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Hazelnuts, (Corylus avellana L.), are wind-pollinated, monoecious, mostly dichogamous, and self-incompatible. About 90% of the cultivars studied are protandrous. Anthesis of the pistillate flower is temperature-dependent and occurs December through February, peaking in January. Stigmatic surfaces may remain receptive for up to 3 months. Four to 5 months separate pollination and fertilization of the ovule; the latter usually occurring between mid-May and the end of June in Oregon. A 10% pollinizer density has been the standard, with a recommended distance of 66 ft (20 m) or less between the main cultivar and the nearest pollinizer. Two or three different pollinizer cultivars, with different times of pollen shed, are recommended. The Oregon hazelnut industry is presently combating the fungal disease, eastern filbert blight, caused by Anisogramma anomala (Peck). Current management recommendations suggest reducing risk of infection are to reduce the most susceptible pollinizer cultivars to a density 5%, then gradually replace those left with immune or more resistant genotypes.

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Fusarium basal rot (FBR), caused by Fusarium oxysporum f.sp. cepae, is a soilborne fungal disease that affects bulb onions (Allium cepa) worldwide. Winter-sown onion cultivars that are resistant to FBR are lacking. The goal of this project was to screen winter-sown onion germplasm for FBR resistance using a mature-bulb field screening at harvest and after 4 weeks in storage. The project was conducted for 2 years, and in each year, 22 winter-sown onion lines were grown in a field known to produce a high incidence of FBR-infected bulbs. At maturity, the basal plates of 20 randomly selected bulbs were cut transversely and each plate was scored for disease severity on a scale of 1 (no diseased tissue) to 9 (70% or more diseased tissue). Bulbs were stored and scored again at 4 weeks after harvest. Severity and incidence increased in storage for both years. NMSU 99-30, `NuMex Arthur', and `NuMex Jose Fernandez' showed the lowest disease severities and incidences in both years. For fields that produce a high incidence of FBR-infected bulbs, these cultivars could be grown with less loss to FBR at harvest and after storage than more FBR-susceptible cultivars. When developing FBR-resistant cultivars, breeding lines should be evaluated over multiple years and bulbs should be stored for 4 weeks before being screened.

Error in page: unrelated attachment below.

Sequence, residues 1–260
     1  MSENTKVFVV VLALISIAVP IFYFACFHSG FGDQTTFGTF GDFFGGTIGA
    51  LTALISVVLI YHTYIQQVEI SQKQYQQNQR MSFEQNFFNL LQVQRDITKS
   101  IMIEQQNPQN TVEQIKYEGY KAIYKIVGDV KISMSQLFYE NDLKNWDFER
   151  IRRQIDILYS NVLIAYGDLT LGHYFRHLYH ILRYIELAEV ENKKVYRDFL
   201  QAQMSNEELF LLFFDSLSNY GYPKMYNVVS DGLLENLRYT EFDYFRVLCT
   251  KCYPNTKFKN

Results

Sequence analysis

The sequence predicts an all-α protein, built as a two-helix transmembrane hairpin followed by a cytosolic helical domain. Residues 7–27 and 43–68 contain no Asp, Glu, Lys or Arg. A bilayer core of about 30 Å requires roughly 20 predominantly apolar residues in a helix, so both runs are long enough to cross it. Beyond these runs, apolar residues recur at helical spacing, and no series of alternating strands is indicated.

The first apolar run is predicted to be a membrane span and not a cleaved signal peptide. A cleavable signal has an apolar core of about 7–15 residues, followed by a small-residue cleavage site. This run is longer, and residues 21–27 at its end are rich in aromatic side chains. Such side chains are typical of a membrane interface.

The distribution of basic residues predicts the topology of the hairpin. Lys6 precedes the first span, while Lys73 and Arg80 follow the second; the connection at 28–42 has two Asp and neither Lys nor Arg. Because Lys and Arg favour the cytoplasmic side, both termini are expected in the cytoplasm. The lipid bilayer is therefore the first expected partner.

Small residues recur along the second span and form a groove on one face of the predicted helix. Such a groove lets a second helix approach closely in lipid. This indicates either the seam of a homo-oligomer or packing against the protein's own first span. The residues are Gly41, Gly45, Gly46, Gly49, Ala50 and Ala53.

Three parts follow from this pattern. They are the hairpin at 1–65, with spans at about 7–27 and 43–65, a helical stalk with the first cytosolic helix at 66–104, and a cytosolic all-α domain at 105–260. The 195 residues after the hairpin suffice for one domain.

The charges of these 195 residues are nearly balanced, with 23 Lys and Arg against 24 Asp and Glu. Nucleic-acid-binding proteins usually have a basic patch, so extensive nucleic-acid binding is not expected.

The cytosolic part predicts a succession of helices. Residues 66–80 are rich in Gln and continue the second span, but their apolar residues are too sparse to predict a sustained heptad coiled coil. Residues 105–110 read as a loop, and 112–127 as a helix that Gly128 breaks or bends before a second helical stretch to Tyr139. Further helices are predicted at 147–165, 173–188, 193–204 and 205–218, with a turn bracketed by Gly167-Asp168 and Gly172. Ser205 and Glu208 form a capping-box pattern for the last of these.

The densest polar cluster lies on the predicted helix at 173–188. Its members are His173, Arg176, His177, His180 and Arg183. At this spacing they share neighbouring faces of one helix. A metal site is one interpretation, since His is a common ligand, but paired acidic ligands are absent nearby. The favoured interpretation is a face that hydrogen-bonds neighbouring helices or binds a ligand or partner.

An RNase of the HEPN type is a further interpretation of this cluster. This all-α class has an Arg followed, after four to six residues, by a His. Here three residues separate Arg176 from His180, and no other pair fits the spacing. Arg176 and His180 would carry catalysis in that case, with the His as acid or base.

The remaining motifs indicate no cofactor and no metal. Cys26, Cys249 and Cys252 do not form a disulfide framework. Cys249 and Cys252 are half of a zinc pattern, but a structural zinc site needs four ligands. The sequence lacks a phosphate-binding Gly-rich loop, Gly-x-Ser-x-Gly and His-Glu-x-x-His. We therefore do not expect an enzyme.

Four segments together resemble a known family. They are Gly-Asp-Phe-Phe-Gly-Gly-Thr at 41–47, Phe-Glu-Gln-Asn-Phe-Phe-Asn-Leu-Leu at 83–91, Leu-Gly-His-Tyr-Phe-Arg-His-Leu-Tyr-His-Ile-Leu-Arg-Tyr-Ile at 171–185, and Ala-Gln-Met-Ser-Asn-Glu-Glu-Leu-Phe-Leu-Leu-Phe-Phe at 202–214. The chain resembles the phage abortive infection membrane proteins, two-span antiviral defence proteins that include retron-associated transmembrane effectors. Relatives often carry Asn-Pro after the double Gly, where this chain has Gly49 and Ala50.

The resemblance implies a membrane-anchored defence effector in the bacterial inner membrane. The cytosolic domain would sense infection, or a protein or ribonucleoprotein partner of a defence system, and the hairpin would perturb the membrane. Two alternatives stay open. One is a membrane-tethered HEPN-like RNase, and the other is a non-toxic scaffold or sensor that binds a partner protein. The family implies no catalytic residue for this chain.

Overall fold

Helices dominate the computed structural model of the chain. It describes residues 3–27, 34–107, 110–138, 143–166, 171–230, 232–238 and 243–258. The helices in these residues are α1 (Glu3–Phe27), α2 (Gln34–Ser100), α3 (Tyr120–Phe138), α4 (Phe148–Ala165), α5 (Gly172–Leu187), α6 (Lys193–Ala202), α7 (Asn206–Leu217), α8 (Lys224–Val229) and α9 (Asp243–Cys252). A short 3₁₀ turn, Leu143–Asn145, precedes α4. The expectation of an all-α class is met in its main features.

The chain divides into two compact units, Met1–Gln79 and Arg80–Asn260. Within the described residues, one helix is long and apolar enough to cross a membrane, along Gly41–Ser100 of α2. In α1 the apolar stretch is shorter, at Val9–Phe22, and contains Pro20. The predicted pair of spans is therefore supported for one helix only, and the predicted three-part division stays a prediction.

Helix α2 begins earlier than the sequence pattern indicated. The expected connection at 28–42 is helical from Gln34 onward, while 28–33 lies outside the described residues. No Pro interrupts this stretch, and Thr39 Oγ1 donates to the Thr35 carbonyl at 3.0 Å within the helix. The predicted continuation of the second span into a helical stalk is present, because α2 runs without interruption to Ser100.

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Almond, [Prunus dulcis (synonym Prunus amygdalus)] planted on approximately 595,000 acres (240,797 ha), is California's largest acreage tree crop. California's Central Valley accounts for nearly 100% of the U.S. domestic production of almonds. Integrated pest management (IPM) programs that integrate cultural practices and pest and disease monitoring with selective controls have improved plant protection in almond. Methods of orchard floor management and their effects must also be taken into account. Minimizing dust reduces mites while harvesting earlier and the destruction of overwintering refugia are cultural practices that reduce worm damage. Improved methods for field sampling and monitoring have reduced the need for pesticide applications while improving timing and effectiveness of needed crop protection sprays. Selective controls have further reduced the impact on nontarget species. Augmentative parasite releases have also helped manage navel orangeworm (Ameylois transitella). Effective use of new selective fungicides will require precise application timing and greater knowledge of diseases and resistance management. A better understanding of disease life cycles leading to improved monitoring of the fungal diseases, shothole (Wilsonomyces carpophilus), almond scab (Cladosporium carpophilum), and anthracnose (Colletotrichum acutatum) have reduced fungicide applications. Future challenges include the potential loss of effective pest control products, the need to continually develop improved utilization strategies, and maintaining economic sustainability.